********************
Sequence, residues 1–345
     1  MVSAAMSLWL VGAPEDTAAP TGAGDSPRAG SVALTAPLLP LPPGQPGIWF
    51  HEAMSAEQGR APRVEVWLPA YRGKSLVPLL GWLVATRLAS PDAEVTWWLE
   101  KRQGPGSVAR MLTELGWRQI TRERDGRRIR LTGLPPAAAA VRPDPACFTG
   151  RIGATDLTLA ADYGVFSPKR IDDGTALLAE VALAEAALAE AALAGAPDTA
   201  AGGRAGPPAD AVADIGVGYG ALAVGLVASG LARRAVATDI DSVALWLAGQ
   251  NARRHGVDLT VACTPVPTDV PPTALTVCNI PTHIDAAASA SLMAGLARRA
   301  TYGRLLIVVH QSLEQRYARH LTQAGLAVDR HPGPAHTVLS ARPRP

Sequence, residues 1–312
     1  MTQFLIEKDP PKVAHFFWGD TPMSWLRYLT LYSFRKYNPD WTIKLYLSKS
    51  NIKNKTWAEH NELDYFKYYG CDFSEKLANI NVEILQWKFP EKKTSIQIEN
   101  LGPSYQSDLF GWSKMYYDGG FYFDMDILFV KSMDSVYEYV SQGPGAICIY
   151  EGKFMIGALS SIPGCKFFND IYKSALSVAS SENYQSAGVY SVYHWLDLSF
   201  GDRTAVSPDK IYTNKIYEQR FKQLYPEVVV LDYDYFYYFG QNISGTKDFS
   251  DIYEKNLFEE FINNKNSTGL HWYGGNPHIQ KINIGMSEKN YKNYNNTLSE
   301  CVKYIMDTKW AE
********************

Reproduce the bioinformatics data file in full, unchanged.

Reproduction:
Sequence, residues 1–345
     1  MVSAAMSLWL VGAPEDTAAP TGAGDSPRAG SVALTAPLLP LPPGQPGIWF
    51  HEAMSAEQGR APRVEVWLPA YRGKSLVPLL GWLVATRLAS PDAEVTWWLE
   101  KRQGPGSVAR MLTELGWRQI TRERDGRRIR LTGLPPAAAA VRPDPACFTG
   151  RIGATDLTLA ADYGVFSPKR IDDGTALLAE VALAEAALAE AALAGAPDTA
   201  AGGRAGPPAD AVADIGVGYG ALAVGLVASG LARRAVATDI DSVALWLAGQ
   251  NARRHGVDLT VACTPVPTDV PPTALTVCNI PTHIDAAASA SLMAGLARRA
   301  TYGRLLIVVH QSLEQRYARH LTQAGLAVDR HPGPAHTVLS ARPRP

Sequence, residues 1–312
     1  MTQFLIEKDP PKVAHFFWGD TPMSWLRYLT LYSFRKYNPD WTIKLYLSKS
    51  NIKNKTWAEH NELDYFKYYG CDFSEKLANI NVEILQWKFP EKKTSIQIEN
   101  LGPSYQSDLF GWSKMYYDGG FYFDMDILFV KSMDSVYEYV SQGPGAICIY
   151  EGKFMIGALS SIPGCKFFND IYKSALSVAS SENYQSAGVY SVYHWLDLSF
   201  GDRTAVSPDK IYTNKIYEQR FKQLYPEVVV LDYDYFYYFG QNISGTKDFS
   251  DIYEKNLFEE FINNKNSTGL HWYGGNPHIQ KINIGMSEKN YKNYNNTLSE
   301  CVKYIMDTKW AE